CORN futures on the Chicago Board of Trade (CBOT) closed up mildly on Monday. MAY’09 corn futures closed at $4.054/bu; up 1.0¢/bu and 10.0¢/bu higher than two weeks ago. The JULY’09 contract closed at $4.156/bu; also up 1.0¢/bu and 9.75¢/bu higher than Monday before last. DEC’09 corn futures finished at $4.366/bu; up 1.25¢/bu and 9.5¢/bu over week before last. Exports and short-covering near the close were supportive but weakness in the stock market and soft crude oil prices limited gains. Some pit sources said that the market found profits in the cold, wet spring weather but they did not expect that to last and that the rally was not worth putting much time into. USDA placed corn-inspected-for-export at 42.3 mi bu vs. estimates between 32.0-35.0 mi bu. Cash corn bids in the U.S. Midwest were mixed as farmers sold some old crop corn. Opening bids in the U.S. Mid-Atlantic States on Monday ranged 1.0¢/bu-3.0¢/bu cents lower. Ethanol margins were weaker on this short increase in corn prices. Funds were net buyers of 1,000 contracts increasing net long positions. If you haven’t sold all old crop corn now you would do well to consider doing so. It is a very good idea to get the ’09 crop priced to 45%. Feed purchasers should see lower corn prices in a week or two.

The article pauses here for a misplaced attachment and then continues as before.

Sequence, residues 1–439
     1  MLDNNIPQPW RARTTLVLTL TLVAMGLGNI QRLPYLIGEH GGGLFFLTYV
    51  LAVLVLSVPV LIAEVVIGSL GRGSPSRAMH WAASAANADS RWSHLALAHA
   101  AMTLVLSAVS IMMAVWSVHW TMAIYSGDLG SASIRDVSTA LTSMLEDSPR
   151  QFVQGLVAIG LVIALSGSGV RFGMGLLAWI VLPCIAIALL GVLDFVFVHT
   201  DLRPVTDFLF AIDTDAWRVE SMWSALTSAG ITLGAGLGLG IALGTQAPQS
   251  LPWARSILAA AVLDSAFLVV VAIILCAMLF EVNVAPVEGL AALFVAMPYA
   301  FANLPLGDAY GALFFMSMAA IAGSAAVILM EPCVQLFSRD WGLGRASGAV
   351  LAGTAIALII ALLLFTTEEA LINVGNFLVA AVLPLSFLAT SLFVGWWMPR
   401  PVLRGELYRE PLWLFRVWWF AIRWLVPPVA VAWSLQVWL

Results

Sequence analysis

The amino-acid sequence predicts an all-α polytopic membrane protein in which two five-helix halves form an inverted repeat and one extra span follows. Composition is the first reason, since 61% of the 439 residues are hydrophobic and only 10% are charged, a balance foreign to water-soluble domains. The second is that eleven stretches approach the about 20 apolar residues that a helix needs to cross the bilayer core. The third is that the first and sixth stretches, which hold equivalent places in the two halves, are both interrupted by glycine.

SOYBEAN futures on the Chicago Board of Trade (CBOT) were off on Monday. MAY’09 soybean futures closed at $9.994/bu; down 1.5¢/bu but 44.0¢/bu over this time two weeks ago. The JULY’09 contract finished off 1.5¢/bu at $9.934/bu but 41.5¢/bu over Monday before last. The NOV’09 contract closed at $9.120/bu; down 11.25¢/bu but 52.75¢/bu higher than last report. Bullish fundamentals of shrinking global supplies and reports of lower-than-expected soybean yields in South America were supportive. However, profit-taking on last Friday’s markets, declining U.S. stock markets, and crude oil prices hung like a rock around the neck of soybean futures. The ’09 November contract was particularly hobbled by new-crop corn/soybean spreads. USDA placed soybeans-inspected-for-export at 16.3 mi bu vs. expectations for between 19.0-22.0 mi bu. Even though this was smaller than expected this is viewed as neutral as there is word of better exports in the next few days. Large non-commercials bought near 5,000 lots while funds sold 1,000 contracts. If you haven’t done so already it is a really good idea to sell all old crop soybeans in the bin and get up to 35% of the ’09 crop priced now.